BackBlaze 250 Petabyte HDD Reliability Report Shows 8TB Hard Drives Are Very Reliable

One of the worst sounds in the world is that awful grinding noise associated with a failing hard drive, followed by a series of clicks. It typically indicates HDD failure is imminent and that you better backup your important data, if it's not too late already. Hey, it happens, but is bum luck solely to blame? Maybe not—the cloud backup specialists at Backblaze just released their HDD reliability report for the second quarter of 2016, and in it are initial (and promising) stats for newly introduced 8TB models.

Backblaze provides one of the few meaningful reports on HDD reliability. That's important because if you ask for advice on the web, you'll be met with anecdotal evidence about why a particular HDD or brand of HDD is garage or why it's the best ever. There's value in user reviews, of course, but there's more value in a report based on tens of thousands of HDDs performing backup chores over a long period of time, and that's what Backblaze provides.

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The outfit's been promising to add 8TB models to the mix, and it finally did. At first it added just 45 8TB HGST drives, noting that it didn't make economical sense to add a whole bunch of them for backup chores (it's running a business, after all). But then Seagate made available an 8TB at a "reasonable price" so Backblaze picked up and deployed over 2,700 of them in the second quarter, with more to come in Q3.

Things are looking good for the capacious drives so far. In 44,000 days of use, only four of the more than 2,700 Seagate ST800DM002 drives failed, which works out an annualized failure rate of 3.3 percent. And of the 8TB HGST HDS5C808ALE600, just two failed in 22,858 days of use, for an annualized failure rate of 3.2 percent.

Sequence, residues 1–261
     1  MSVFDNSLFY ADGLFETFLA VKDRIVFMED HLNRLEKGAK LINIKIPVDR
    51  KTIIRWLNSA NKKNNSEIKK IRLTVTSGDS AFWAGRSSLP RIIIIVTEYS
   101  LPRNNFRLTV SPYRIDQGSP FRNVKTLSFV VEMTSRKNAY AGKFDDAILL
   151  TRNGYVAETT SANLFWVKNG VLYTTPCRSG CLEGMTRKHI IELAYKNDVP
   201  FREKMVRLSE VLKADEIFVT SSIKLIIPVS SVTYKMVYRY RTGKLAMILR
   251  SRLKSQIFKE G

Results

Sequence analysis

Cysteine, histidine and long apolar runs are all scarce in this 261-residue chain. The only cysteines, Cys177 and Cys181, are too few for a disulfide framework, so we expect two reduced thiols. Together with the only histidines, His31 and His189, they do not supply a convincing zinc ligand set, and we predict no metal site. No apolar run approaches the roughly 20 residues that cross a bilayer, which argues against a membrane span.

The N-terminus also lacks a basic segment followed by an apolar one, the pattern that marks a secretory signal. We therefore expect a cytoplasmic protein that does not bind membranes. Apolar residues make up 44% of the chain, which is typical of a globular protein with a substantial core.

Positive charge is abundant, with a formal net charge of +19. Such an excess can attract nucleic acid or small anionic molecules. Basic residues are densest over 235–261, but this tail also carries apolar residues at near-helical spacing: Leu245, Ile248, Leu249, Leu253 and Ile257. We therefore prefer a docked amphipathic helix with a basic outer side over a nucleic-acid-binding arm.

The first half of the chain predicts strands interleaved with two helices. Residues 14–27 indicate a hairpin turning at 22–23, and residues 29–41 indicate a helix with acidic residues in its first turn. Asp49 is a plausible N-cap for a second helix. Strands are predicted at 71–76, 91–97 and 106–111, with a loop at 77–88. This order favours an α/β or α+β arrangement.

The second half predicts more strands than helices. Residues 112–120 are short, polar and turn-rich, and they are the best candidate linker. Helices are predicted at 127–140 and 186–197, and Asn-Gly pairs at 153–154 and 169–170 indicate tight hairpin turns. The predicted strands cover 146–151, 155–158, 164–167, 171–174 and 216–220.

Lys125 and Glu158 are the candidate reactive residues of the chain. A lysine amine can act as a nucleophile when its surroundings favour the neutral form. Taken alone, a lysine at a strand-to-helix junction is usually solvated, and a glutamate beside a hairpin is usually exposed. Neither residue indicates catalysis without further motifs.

For reference, here's how Backblaze describes its Annualized Failure Rate:
Some people question the usefulness of the cumulative Annualized Failure Rate. This is usually based on the idea that drives entering or leaving during the cumulative period skew the results because they are not there for the entire period. This is one of the reasons we compute the Annualized Failure Rate using “Drive Days”. A Drive Day is only recorded if the drive is present in the system. For example, if a drive is installed on July 1st and fails on August 31st, it adds 62 drive days and 1 drive failure to the overall results. A drive can be removed from the system because it fails or perhaps it is removed from service after a migration like the 2TB HGST drives we’ve covered earlier. In either case, the drive stops adding Drive Days to the total, allowing us to compute an Annualized Failure Rate over the cumulative period based on what each of the drives contributed during that period.
That said, Seagate's 4TB ST4000DX000 HDD is the company's go-to drive for the moment. It comprises just over half of the company's 68,813 HDDs with an Annualized Failure Rate of 2.8 percent. The company also really likes HGST's 2GB drives with their ultra low rate of failure (1.6 percent) but will be getting rid of those drives because it needs greater capacity.